Censoring Santa Claus
The smoke police want to take away Santa’s pipe.
I discovered this while reading today’s New York Post, which had a small news item about Canadian author Pamela McCall self-publishing a new, sanitized version of the Christmas classic A Visit From St. Nicholas. I dug around, found corroboration of the news, and looked up McCall’s author biography and a Facebook page dedicated to her book.
McCall describes herself as a “children’s advocate and smoking cessation coach.” She decided to scrub away the smoking reference from the original work by Clement Moore, which dates back to 1823. One of the most famous of children’s stories, A Visit From St. Nicholas (also called ‘Twas the Night Before Christmas) is credited with shaping the image of Santa Claus as a jolly, overweight and, yes, smoke-kissed image of Christmas.
McCall’s Twas the Night Before Christmas is published not only without the apostrophe before the “t” in “’twas,” but it also is missing Santa’s trademark pipe. For those of you who are unfamiliar with the verse, allow me to quote the line from the original that ignited McCall’s ire:
“The stump of a pipe he held tight in his teeth,
And the smoke it encircled his head like a wreath;
He had a broad face and a little round belly,
That shook, when he laughed like a bowlful of jelly.”
I have no issue with a person coming up with a story that doesn’t mention smoking, or one that talks about smoking being bad for you. If it’s your story, you can write it any way you please. But rather than having the creativity to imagine a tale of her own, to pluck words from the ether and place them together in a way that people might find as memorable, endearing and entertaining as the original, McCall simply took out her red pen and cut out the words she didn’t like. That’s not writing, that’s censoring.
How odd that McCall would find Santa’s pipe such a problem. The story is about a man who spends his workday climbing down chimneys, many of them presumably dirty. Sure, it’s only one workday a year, of course, but it’s quite a busy one, and Santa clearly pays a price for moving through flues. In an earlier verse, St. Nick is described as:
“…dressed all in fur, from his head to his foot, And his clothes were all tarnished with ashes and soot...”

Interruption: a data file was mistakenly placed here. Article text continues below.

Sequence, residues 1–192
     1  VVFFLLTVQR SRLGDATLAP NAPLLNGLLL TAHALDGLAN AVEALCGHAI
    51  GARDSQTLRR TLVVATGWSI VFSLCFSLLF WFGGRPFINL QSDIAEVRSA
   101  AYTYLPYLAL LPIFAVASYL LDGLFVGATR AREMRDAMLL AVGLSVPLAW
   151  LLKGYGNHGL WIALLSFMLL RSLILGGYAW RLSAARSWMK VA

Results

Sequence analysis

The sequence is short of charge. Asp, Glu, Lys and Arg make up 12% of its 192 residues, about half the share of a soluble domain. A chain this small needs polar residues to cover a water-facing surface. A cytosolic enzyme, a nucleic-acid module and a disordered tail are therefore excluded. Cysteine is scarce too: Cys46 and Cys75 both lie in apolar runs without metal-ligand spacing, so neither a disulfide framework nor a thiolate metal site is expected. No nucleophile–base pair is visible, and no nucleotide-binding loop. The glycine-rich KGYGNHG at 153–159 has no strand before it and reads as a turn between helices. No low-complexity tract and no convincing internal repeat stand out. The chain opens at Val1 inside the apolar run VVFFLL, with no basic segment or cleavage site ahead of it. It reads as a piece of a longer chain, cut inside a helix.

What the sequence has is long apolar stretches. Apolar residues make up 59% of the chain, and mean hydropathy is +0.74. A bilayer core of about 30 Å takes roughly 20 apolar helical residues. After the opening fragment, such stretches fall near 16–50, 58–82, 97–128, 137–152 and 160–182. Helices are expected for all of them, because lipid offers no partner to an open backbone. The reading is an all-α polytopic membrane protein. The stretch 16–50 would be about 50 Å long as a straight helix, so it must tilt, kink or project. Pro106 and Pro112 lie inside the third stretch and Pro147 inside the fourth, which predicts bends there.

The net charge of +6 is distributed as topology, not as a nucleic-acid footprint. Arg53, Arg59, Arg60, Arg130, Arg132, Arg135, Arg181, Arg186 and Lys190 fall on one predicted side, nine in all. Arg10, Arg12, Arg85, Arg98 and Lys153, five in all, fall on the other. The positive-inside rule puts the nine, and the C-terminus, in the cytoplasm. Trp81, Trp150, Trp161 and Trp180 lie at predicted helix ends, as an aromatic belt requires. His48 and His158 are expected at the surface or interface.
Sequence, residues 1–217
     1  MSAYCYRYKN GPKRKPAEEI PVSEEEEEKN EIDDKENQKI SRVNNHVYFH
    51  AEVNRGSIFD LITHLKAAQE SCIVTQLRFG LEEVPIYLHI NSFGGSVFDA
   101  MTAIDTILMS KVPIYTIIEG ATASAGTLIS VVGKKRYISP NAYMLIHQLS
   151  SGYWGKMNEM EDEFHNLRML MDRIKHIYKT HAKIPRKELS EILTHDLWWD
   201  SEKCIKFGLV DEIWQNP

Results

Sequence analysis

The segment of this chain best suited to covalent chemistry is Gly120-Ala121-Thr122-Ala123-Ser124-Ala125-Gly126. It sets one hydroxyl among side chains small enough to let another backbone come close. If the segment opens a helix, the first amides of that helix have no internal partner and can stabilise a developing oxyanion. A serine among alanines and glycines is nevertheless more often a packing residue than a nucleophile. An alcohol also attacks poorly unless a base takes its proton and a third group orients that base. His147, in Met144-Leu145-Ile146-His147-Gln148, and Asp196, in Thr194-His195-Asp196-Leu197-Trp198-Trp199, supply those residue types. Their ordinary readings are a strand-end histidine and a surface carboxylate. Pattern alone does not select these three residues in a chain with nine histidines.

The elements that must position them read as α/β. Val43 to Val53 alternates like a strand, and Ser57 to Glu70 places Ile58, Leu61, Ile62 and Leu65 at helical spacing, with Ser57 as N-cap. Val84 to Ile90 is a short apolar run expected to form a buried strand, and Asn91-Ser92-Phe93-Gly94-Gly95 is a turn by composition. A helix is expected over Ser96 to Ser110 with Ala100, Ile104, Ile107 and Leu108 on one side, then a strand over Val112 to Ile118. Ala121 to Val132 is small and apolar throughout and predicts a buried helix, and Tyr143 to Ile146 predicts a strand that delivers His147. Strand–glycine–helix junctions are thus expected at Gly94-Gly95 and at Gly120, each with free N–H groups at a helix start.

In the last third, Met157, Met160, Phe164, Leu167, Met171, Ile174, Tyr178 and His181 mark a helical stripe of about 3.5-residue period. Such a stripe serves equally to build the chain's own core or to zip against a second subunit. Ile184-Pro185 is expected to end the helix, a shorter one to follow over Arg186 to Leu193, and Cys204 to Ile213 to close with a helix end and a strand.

I don’t know about you, but I think sliding down a chimney is dangerous. Chimneys are dirty, cramped places that are not good for the lungs, and sliding down a flue can leave you with a broken leg. Even more dangerous is the possibility of dropping onto a roaring fire, a distinct possibility given how many chimneys Santa has to descend in one evening.
I’ve read this tale to my son every Christmas Eve for years, and on more than one occasion he has expressed concern for Santa’s well-being, given that I sometimes read the story to him while we sit in front of a fireplace that is en fuego. “Don’t worry,” I tell him each year. “Santa has a magic suit.” Works like a charm.
In addition to the dangers of chimney surfing, what about Santa’s gut? If puffing a pipe is bad, isn’t carrying extra poundage also an issue? When your belly starts shaking “like a bowful of jelly,” as the poem goes, you might be at risk of a heart attack. What kind of example is that for the kids?
The problem with censorship is that it’s a slippery slope. Once you begin taking away every influence that might be construed as bad, you end up with a world covered in padded edges, cloaked in bubble wrap and sanitized for our protection. And life suddenly becomes very boring.
I don’t know about you, but my Santa smokes a pipe, leaps down chimneys without fear and likes his sugar cookies with a Scotch chaser. And he would get a good, belly-shaking laugh if an editor threatened to slim him down, clean off his red suit or take away his briar.
This Christmas Eve, just as every other, I’m going to sit down with my son and read him A Visit From St. Nicholas as it was first written. Pipe and all.
You can follow David Savona on Twitter: @DavidSavona